Seeley Lake: Multiple black bears have been getting into uncontained garbage. There was one report of a grizzly bear getting into a dumpster. This dumpster is being replaced with a bear-resistant dumpster. Residents have seen a lot of black bear and grizzly bear activity, especially on the west side (Boy Scout road area).

GRIZZLY BEAR

Blackfoot: A grizzly bear tried to enter a barn. FWP is working with the owner to install an electric fence.

Blackfoot and Clearwater drainages: Landowners have been seeing multiple grizzly bears feeding in crop fields. Hunters are also seeing signs of grizzly bear activity.


October 7, 2019

GRIZZLY BEAR

Lolo Pass area: FWP has received reports of grizzly bear activity. FWP continues to monitor a young adult radio-collared male that traveled south from the Cabinet-Yaak ecosystem.

Clearwater Junction: A grizzly bear got into a chicken coop. Electric fence can be effective at preventing grizzly bears from accessing chicken coops. FWP loaned the homeowner Critter Gitters. Critter Gitters is a device that makes a loud, startling noise and is triggered by an animal walking past it. FWP Region 2 has some available for sale.

Blackfoot and Clearwater: Bowhunters have reported grizzly bear activity.

Deerlodge and Little Blackfoot: Bowhunters have reported grizzly bear activity.

BLACK BEAR

Region-wide: Black bears are keying into apples across the region, especially as hawthorn and huckleberry wane. Bears will also shift to fall berries like red osier dogwood, mountain ash, elderberry, and snowberry. FWP has received numerous calls about bears in apple trees and unfortunately, many of these bears are also getting into garbage.

Rattlesnake: Black bear activity is very high in the Rattlesnake. The black bears are keying into domestic fruit, but are also finding unsecured garbage. Contain your garbage in a bear-resistant manner until the morning of pickup. As a reminder it is illegal to actively feed bears and deer. FWP is investigating current reports of this occurring in the Rattlesnake. FWP set a trap for a family group, but did not catch this family group. FWP also made arrangements for apples to be picked at this site.

Black bears in a tree in the Rattlesnake neighborhood.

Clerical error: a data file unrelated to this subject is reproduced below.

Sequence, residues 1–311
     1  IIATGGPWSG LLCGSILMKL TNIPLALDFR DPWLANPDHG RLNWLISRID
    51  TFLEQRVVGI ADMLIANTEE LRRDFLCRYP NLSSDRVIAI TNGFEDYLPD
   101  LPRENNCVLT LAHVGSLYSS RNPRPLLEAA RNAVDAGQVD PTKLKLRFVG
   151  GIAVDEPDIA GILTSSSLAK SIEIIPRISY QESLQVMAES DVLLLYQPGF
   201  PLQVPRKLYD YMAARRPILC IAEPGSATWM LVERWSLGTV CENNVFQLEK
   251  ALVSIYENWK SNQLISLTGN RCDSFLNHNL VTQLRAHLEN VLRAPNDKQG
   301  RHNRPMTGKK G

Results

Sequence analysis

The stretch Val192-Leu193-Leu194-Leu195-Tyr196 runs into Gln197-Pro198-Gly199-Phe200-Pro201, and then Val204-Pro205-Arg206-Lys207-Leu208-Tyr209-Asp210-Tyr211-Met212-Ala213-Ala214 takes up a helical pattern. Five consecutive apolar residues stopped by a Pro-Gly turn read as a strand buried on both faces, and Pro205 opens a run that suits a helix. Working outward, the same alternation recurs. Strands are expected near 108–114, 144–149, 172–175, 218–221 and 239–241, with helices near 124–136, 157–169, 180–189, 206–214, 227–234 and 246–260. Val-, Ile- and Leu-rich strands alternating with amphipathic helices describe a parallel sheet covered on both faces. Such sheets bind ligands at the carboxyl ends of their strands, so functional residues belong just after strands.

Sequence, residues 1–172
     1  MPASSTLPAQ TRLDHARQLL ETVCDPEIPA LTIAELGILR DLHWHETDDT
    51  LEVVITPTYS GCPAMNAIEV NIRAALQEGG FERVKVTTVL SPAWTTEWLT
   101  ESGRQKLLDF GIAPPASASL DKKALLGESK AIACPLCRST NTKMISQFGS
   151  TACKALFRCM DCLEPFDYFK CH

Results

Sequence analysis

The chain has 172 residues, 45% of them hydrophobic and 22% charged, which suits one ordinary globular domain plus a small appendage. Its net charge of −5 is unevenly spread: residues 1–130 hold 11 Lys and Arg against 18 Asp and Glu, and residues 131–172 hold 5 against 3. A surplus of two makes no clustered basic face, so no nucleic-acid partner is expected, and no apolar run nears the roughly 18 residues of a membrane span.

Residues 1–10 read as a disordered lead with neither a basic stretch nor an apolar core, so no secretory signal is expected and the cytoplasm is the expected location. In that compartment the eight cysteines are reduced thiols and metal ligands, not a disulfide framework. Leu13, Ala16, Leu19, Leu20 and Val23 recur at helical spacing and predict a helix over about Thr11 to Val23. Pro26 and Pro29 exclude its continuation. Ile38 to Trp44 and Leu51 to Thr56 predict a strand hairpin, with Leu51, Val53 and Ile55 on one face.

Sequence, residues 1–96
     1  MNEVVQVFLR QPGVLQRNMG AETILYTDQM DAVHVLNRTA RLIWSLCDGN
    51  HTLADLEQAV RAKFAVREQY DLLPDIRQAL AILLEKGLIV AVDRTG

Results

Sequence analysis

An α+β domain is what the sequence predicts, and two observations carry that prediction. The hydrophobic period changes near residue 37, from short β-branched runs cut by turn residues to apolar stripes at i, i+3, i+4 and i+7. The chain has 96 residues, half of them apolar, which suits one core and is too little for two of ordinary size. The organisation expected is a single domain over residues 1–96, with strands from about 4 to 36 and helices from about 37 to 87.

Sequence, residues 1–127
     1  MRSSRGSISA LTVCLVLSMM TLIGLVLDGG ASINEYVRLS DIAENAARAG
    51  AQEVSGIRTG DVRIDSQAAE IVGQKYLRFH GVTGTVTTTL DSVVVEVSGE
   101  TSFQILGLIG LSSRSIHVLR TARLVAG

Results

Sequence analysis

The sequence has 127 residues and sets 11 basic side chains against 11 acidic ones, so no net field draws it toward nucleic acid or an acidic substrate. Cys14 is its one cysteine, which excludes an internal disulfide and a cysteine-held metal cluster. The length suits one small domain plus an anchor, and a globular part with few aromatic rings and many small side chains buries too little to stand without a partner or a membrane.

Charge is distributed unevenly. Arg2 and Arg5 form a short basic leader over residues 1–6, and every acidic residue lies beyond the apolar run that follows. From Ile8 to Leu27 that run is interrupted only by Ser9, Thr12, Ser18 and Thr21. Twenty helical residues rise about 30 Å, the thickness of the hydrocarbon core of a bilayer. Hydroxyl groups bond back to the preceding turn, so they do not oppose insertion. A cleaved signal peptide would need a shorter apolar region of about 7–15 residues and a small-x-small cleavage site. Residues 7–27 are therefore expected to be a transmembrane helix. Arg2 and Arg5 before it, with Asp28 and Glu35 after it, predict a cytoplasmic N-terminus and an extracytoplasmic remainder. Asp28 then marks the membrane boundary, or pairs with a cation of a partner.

Photo credit: Sarah Stivers

Lolo Hot Springs area: Black bears continue to come into the area and have gotten into garbage. This includes one family group and at least one individual bear. FWP is working with the facility to secure attractants.

Lower Grant Creek: There are multiple black bears feeding on the last of the hawthorn. Please contain all attractants in a bear-resistant manner.

Seeley Lake: FWP captured and relocated a non-target black bear while attempting to capture a black bear that had been getting into vehicles.

MOUNTAIN LION

Stevensville: A mountain was killed by a landowner after a depredation.

Bitterroot: Wildlife Services is attempting to capture a mountain lion that killed sheep in the Bitterroot.


October 2, 2019

Region-wide: If you are recreating, hunting, and/or living in bear country know your bears. Grizzly bears can be anticipated anywhere in Western Montana. FWP has received various reports of grizzly bear activity from Lolo/Highway 12, St. Regis, to Drummond, Butte and Georgetown Lake areas. While not all reports are verified, it is a good reminder to know your bears, carry bear spray, and know how to use it. Visit this FWP site for more information.

BLACK BEAR

Rattlesnake: There is a high pulse of bear activity in the Rattlesnake. This includes multiple family groups and a few lone bears feeding on apples. Please pick fruit and contain garbage in a bear-resistant manner until the morning of pick up. Unfortunately, a lot of people are still leaving garbage out all week all over the Rattlesnake and bears are finding it.  Animal Control is patrolling the Rattlesnake and has issued multiple tickets. Also as a reminder, it is illegal to purposefully feed bears and deer.

Grant Creek: A black bear got into garbage at a hotel. Republic Services is replacing the dumpster with a bear-resistant one.  

West of Russell and Broadway streets: A black bear was seen in town along the river.

St. Regis: There have been multiple reports of black bears accessing garbage. Please contain garbage in a bear-resistant manner.

Bitterroot: FWP has received numerous reports of black bears getting into domestic fruit and garbage. Please contain all attractants in a bear-resistant and pick fruit.

GRIZZLY BEAR

Blackfoot and Clearwater drainages:  Black bear hunters, bowhunters, upland game bird hunters, and fishermen continue to report grizzly bear activity. Always carry bear spray and know how to use it.

MOUNTAIN LION

Pattee Canyon/Barmeyer Trail: A mountain lion was seen on the Barmeyer trail. Mountain lions can be found throughout the foothills of the Missoula basin. Please be aware of your surroundings and carry bear spray when recreating in bear and lion country. Wearing headphones while trail running is not recommended in bear and lion country.

Miller Creek: FWP hazed a mountain lion out of a residential area (seen in photo below).